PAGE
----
Cellular Ca2+ regulation is altered in hearts having undergone left ventricular (LV) hypertrophy secondary to renovascular hypertension (RvHtn). In single paced LV myocytes, RvHtn elicits reductions in the amplitude of the cytosolic [Ca2+] ([Ca2+]c) transient and the rate at which [Ca2+]c returns to basal levels. These alterations in [Ca2+]c dynamics occur concomitantly with a reduced myocyte contractile response and slowed myocyte relaxation. At the whole organ level, Ca2+-dependent LV contractile autoregulation is compromised by RvHtn. These intrinsic functional changes in global and single cell function appear to occur concomitantly with alterations in the expression and/or function of several sarcolemmal (SL) and sarcoplasmic reticular (SR) Ca2+ regulatory proteins. Exercise training has been shown to prevent and/or reverse decrements in LV contractile function that result from RvHtn and to elicit adaptive responses at several Ca2+ regulatory loci. PRIMARY OBJECTIVES of this proposal are to determine if endurance training (i) can restore normal [Ca2+]c dynamics and contractile function to single LV myocytes isolated from RvHtn rats. (ii) Steps will be taken to localize the cellular processes that are responsible for altered myocyte [Ca2+]c dynamics in RvHtn myocytes and (iii) to identify the influence of training on those processes. to accomplish these objectives, RvHtn and LV hypertrophy will be produced in male Fisher 344 rats using a Goldblatt, 2 kidney-1 clip procedure. LV myocardium and single LV myocytes isolated from sedentary normotensive (NSd), trained normotensive (NTr), sedentary hypertensive (HSd), and trained hypertensive (HTr) rats will be studied. Morphology, contractile function, and [Ca2+]c dynamics in NSd, NTr, HSd, and HTr myocytes will be assessed using fluorescence and video microscopy. In the LV myocyte studies, pacing and perfusion conditions will be altered to differentially perturb cellular Ca2+ influx and efflux mechanisms; rapid cooling contractures will be used to bioassay the amount of releasable Ca2+ that is in the SR. Caffeine contracture studies will be used to assess the relative roles of SR Ca2+ uptake and Na+-Ca2+ exchange in relaxation in intact myocytes. For the sake of interpretive relevance, studies of global LV contractile function will be conducted in parallel to the single myocyte experiments. Biochemical, pharmacological, and immunochemical techniques will be used to assess the singular and combined effects of training and RvHtn on the expression and/or function of key SL and SR Ca2+ and Na+ regulatory proteins; myocyte Ca2+ and Na+ regulation are intimately linked. A better understanding of the Ca2+ regulatory changes that occur in response to training and RvHtn, and the impact of these changes on single myocyte and global LV function may prove useful in the development of clinical strategies to prevent myocardial dysfunction associated with hypertensive heart disease.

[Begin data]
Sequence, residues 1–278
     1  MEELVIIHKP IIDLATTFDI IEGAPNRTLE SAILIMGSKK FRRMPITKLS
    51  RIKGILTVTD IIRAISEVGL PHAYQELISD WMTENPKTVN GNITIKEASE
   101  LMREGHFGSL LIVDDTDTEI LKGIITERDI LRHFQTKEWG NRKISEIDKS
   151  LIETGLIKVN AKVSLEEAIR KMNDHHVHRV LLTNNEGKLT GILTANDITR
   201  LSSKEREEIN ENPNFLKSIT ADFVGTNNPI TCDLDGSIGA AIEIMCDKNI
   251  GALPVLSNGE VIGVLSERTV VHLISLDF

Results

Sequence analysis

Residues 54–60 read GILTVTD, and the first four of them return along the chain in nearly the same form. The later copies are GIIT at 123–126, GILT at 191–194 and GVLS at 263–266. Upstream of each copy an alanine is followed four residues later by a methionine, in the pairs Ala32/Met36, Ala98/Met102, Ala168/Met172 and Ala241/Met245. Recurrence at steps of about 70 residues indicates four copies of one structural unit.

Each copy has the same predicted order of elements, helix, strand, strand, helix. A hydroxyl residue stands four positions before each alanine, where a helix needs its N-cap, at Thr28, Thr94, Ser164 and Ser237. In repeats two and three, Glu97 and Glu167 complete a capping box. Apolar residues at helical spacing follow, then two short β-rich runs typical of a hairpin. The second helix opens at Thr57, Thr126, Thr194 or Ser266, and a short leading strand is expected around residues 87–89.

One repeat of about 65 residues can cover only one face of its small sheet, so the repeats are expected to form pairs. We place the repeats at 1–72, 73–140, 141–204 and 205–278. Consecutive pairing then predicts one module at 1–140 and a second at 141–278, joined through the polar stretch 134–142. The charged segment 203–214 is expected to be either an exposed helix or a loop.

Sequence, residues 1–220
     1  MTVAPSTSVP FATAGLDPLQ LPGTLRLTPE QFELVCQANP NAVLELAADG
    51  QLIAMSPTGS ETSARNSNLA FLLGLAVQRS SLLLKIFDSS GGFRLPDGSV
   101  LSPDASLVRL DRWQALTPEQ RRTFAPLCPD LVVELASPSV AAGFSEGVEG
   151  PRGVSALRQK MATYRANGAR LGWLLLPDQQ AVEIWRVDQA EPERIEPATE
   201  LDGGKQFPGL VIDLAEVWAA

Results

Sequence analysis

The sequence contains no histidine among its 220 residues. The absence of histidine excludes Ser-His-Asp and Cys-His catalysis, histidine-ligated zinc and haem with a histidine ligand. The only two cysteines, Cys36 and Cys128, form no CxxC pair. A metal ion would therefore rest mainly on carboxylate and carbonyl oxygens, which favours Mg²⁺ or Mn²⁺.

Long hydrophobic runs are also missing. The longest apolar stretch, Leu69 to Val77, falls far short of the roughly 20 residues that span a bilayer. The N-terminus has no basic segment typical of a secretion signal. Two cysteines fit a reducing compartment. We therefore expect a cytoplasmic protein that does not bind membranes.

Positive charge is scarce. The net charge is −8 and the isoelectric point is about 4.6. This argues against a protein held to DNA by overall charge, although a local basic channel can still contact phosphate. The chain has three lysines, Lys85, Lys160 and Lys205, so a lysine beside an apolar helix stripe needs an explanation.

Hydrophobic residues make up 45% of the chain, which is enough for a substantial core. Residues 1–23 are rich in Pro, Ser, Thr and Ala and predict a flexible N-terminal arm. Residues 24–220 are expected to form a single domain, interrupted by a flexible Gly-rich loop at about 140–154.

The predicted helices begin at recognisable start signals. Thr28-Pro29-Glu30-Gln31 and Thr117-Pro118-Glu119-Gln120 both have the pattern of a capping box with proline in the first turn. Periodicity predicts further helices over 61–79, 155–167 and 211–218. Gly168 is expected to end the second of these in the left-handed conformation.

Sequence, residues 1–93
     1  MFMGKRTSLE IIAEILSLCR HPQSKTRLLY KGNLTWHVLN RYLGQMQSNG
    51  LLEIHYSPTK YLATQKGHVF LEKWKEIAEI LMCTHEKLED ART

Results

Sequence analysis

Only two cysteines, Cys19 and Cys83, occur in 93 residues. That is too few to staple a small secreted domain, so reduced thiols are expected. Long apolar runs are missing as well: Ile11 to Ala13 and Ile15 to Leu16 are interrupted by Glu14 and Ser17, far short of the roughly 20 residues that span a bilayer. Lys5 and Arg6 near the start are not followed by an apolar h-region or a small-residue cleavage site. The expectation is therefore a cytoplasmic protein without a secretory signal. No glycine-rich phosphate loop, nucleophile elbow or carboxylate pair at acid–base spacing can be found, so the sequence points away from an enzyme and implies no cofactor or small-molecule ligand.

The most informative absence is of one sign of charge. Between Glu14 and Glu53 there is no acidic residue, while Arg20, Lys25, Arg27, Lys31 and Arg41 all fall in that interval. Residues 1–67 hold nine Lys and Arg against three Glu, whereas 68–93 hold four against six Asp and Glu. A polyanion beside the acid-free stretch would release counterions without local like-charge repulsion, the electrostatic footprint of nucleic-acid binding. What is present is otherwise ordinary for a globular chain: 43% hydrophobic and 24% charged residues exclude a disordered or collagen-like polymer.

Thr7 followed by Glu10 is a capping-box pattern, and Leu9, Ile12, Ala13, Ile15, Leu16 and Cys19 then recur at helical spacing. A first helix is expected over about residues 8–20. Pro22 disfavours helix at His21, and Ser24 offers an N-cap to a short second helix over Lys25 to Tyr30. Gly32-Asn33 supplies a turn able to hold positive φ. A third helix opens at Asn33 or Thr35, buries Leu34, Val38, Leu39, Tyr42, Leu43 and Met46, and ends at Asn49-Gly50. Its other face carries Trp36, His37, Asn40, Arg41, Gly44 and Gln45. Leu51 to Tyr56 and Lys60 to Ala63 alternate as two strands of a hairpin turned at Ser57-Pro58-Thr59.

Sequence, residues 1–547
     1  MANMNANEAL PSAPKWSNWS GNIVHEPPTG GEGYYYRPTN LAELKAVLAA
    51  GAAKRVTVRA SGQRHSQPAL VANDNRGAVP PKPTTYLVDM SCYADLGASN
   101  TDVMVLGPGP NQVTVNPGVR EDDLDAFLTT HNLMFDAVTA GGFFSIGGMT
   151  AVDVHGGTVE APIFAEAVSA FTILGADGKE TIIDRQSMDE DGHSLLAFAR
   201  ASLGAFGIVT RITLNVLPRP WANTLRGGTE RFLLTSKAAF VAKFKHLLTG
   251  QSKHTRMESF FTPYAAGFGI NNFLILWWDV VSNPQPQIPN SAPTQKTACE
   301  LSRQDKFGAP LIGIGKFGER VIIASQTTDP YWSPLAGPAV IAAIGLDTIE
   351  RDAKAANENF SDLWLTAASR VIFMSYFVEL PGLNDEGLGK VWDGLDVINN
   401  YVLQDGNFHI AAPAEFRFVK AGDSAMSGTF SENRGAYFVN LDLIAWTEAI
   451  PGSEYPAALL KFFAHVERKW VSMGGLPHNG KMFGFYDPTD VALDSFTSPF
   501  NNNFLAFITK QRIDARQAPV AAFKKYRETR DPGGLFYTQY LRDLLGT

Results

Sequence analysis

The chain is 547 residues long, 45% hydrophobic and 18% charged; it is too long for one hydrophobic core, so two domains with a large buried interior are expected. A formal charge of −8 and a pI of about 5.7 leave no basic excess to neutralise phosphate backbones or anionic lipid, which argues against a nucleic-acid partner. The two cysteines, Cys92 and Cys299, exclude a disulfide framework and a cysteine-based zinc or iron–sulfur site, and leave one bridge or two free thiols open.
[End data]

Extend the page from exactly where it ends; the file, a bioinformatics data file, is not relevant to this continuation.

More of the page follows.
National Institute of Health (NIH)
National Heart, Lung, and Blood Institute (NHLBI)
Research Project (R01)
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Respiratory and Applied Physiology Study Section (RAP)
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Pennsylvania State University
Schools of Medicine
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